ICG faces choppy waters despite record profit
Shipping group’s share price remains 10 per cent off levels before Brexit vote
ICG chief executive Eamonn Rothwell. Full-year results released on Monday saw the shipping group’s 2016 earnings before ebitda jump 11 per cent to €83.5 million. Photograph: Brenda Fitzsimons
It would lead to the most contentious takeover situation on the Irish market in recent history, triggering a rival bid from a consortium involving One51 and the Cork-based Doyle shipping group, while developer Liam Carroll raised concerns of a three-way battle when he amassed a 29 per cent interest, using €175 million of loans from AIB.
The tussle ended in failure for all. AIB, which took control of Carroll’s position in 2009, sold the developer’s shares that November for half the value of the loans against them. The Doyles and One51 also sold their combined 24 per cent stakes over the following three years at a loss.
Over the intervening 10 years, the cash machine that is ICG has slashed its net debt level to below €38 million from more than €132 million, while its market value has doubled to €943 million and the group has delivered the safest dividend in town. Rothwell’s 15.4 per cent stake is worth €146 million.
Failure to recover
But while the Iseq and most other companies in the Dublin market have managed to recover from a post-Brexit sell-off – and then some – ICG shares, despite having rallied by 25 per cent from their October lows, remain 10 per cent off where they were changing hands just before the UK referendum.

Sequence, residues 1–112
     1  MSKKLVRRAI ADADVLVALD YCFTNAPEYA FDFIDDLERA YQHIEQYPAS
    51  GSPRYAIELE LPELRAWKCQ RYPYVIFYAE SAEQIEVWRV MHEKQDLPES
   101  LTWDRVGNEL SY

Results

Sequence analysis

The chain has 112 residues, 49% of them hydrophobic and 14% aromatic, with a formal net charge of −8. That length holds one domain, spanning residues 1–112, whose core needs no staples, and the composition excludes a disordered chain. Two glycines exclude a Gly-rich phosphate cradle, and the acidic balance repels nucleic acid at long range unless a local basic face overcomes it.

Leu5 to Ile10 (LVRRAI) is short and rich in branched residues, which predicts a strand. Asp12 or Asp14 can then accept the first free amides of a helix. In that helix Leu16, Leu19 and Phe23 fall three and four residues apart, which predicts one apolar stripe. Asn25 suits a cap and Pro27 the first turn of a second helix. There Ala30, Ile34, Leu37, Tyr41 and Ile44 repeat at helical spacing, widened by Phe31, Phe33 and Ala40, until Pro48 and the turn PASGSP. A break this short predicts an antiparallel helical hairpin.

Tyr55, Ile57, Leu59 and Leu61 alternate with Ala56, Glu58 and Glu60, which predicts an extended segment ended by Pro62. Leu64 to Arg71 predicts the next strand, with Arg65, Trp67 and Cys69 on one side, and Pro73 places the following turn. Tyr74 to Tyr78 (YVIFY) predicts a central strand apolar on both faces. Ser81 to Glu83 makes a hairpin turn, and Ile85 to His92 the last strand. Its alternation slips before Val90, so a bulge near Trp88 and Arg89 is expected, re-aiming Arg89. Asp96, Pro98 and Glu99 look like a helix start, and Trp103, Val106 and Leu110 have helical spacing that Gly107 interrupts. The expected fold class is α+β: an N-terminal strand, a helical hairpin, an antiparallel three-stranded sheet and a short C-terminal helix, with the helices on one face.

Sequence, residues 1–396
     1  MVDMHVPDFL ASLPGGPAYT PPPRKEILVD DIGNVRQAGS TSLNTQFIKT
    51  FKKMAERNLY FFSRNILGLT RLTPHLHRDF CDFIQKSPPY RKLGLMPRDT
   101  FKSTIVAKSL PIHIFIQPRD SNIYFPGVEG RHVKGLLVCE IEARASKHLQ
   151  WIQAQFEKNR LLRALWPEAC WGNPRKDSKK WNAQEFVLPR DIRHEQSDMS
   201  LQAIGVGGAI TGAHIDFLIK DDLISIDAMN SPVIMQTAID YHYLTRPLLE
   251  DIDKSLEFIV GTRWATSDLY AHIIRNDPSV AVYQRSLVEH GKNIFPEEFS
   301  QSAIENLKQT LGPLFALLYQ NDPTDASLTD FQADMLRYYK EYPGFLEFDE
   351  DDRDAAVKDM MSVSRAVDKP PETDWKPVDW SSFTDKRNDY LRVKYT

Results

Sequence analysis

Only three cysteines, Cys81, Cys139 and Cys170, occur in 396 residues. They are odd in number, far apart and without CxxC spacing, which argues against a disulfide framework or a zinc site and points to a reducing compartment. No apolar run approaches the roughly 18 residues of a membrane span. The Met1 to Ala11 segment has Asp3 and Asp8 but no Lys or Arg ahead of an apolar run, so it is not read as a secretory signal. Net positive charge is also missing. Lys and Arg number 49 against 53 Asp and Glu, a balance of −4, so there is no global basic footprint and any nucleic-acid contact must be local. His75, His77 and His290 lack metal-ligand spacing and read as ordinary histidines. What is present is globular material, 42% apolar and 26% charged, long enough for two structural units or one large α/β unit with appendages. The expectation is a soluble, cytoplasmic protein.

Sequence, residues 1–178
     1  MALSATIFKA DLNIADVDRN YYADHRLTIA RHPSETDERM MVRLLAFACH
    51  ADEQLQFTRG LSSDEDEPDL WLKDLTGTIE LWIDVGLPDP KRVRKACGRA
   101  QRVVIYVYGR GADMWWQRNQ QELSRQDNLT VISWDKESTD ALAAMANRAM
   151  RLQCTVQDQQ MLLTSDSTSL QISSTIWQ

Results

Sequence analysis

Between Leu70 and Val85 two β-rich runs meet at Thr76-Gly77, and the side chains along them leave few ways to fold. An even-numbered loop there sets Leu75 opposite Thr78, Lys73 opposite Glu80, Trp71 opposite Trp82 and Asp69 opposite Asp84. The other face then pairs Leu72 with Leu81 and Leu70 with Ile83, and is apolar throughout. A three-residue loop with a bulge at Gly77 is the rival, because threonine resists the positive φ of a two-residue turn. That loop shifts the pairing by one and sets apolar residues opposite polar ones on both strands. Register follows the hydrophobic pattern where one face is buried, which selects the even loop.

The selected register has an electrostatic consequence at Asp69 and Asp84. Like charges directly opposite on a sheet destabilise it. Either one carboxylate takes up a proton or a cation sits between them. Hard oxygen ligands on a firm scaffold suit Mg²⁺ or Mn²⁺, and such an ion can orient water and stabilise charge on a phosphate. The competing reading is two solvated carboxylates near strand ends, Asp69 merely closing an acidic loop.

Looking at ICG’s full-year results on Monday, which saw 2016 earnings before interest, tax, depreciation and amortisation jump 11 per cent to a record €83.5 million, the stock’s failure to recover all of the ground lost following the UK vote may appear unjustified.
But there’s no getting around the fact that ICG is one of the companies on the Iseq most exposed to a potential fallout from Brexit, as well as to rising fuel prices.
The impact of increasing oil prices is “manageable”, according to chairman John B McGuckian (who, incidentally, has been on the board since 1988 – more than four times what the Institute of Directors believes is acceptable for someone to remain an independent non-executive director).
The ultimate impact from Brexit, however, is less clear.